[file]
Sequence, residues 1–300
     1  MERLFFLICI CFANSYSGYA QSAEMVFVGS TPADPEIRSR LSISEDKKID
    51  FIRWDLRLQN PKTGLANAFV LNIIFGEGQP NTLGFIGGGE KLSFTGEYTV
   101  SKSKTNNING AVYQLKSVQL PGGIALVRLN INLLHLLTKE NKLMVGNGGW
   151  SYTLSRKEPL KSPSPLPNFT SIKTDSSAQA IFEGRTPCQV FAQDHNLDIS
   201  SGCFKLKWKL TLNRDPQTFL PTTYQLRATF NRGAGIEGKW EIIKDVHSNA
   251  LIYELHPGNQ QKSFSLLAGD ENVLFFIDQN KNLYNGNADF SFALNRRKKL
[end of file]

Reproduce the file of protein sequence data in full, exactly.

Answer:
Sequence, residues 1–300
     1  MERLFFLICI CFANSYSGYA QSAEMVFVGS TPADPEIRSR LSISEDKKID
    51  FIRWDLRLQN PKTGLANAFV LNIIFGEGQP NTLGFIGGGE KLSFTGEYTV
   101  SKSKTNNING AVYQLKSVQL PGGIALVRLN INLLHLLTKE NKLMVGNGGW
   151  SYTLSRKEPL KSPSPLPNFT SIKTDSSAQA IFEGRTPCQV FAQDHNLDIS
   201  SGCFKLKWKL TLNRDPQTFL PTTYQLRATF NRGAGIEGKW EIIKDVHSNA
   251  LIYELHPGNQ QKSFSLLAGD ENVLFFIDQN KNLYNGNADF SFALNRRKKL